January Was Peak Flu Season in The U.S. – Learn What You Can Do to Be Prepared {Interview}

January Was Peak Flu Season in The U.S. –  Learn What You Can Do to Be Prepared {Interview}

Flu season varies from year to year, but according to the Centers for Disease Control and Prevention (CDC), the 2017-2018 flu season was the worst in at least 40 years,[1] resulting in 960,000 hospitalizations and 79,000 deaths.[2] Influenza, or “flu,” is one of the most common yet serious infectious diseases, with up to 49 million Americans getting the virus each year.2

The flu is highly contagious and is transmitted when someone coughs, sneezes or talks.[3] Because it can spread easily from person to person, the flu can result in localized outbreaks, seasonal epidemics and global pandemics – representing a serious threat to public health.2,[4] While flu viruses can be detected year-round in the U.S., they are most common during the fall and winter, with activity increasing in October and peaking between December and February.[5]

As flu activity ramps up nationwide, it’s a critical time to raise awareness of how to best prepare for the flu and what the latest treatment options are for those who get sick.  

Join me in a recent interview with Dr. Michael Ison, from the Feinberg School of Medicine at Northwestern University as he discussed the current flu season as well as the latest information in flu prevention and treatment options available.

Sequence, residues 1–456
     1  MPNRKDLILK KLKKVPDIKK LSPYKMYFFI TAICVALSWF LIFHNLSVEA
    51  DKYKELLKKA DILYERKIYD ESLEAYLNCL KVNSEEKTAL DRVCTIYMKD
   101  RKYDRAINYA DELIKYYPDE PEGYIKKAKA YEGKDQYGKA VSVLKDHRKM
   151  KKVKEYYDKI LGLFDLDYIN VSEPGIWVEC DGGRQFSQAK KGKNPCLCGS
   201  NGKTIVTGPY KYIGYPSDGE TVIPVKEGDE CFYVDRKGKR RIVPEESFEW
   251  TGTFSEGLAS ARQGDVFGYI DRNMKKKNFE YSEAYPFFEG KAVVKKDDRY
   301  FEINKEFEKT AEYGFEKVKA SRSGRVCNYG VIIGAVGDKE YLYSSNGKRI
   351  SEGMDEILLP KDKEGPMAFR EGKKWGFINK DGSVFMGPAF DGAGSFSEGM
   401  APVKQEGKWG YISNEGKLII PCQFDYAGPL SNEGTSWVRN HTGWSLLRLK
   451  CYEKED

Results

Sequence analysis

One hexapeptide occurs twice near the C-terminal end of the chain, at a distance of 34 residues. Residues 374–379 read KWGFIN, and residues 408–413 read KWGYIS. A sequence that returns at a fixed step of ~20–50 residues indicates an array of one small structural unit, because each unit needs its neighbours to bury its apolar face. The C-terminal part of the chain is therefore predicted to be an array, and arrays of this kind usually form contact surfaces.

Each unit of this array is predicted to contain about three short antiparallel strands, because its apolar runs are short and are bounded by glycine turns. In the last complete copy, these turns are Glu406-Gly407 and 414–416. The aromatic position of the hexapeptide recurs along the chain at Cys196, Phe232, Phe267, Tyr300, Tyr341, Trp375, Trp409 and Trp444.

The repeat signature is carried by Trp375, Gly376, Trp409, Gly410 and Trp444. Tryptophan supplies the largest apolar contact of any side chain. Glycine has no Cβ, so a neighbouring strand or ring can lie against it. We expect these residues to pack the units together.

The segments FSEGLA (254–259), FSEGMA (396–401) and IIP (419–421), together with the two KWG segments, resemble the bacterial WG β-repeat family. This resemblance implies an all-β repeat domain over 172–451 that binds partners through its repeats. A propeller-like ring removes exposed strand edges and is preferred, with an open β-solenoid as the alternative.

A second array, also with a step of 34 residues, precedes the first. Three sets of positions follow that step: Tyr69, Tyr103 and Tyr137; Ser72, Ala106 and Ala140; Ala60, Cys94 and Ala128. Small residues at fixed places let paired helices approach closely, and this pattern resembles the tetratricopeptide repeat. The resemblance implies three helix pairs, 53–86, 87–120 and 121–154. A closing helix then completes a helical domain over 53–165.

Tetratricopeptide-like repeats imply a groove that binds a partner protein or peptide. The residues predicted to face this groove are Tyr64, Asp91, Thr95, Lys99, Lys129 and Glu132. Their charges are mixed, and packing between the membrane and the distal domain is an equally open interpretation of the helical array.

See the entire interview here:  https://youtu.be/MYLJqpspNu0

For more information, go to www.xofluza.com

[1] Associated Press. 80,000 people died of flu last winter in US. Retrieved November 27, 2018, from: https://www.apnews.com/818b5360eb7d472480ebde13da5c72b5

[2] Centers for Disease Control and Prevention (2018, October 25). Disease Burden of Influenza. Retrieved November 19, 2018, from: https://www.cdc.gov/flu/about/burden/index.html

[3] Centers for Disease Control and Prevention. (2017, October 3). Key Facts About Influenza (Flu). Retrieved June 20, 2018, from: https://www.cdc.gov/flu/keyfacts.htm.

[4] World Health Organization. Influenza (Seasonal) [Internet; cited 2018 May 29]. Available from:

http://www.who.int/mediacentre/factsheets/fs211/en.

[5] Centers for Disease Control and Prevention (2016, July 26). The Flu Season. Retrieved June 20, 2018, from: https://

www.cdc.gov/flu/about/season/flu-season.htm.

Interview is courtesy of Genentech, a member of the Roche Group.

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Cynthia Tait

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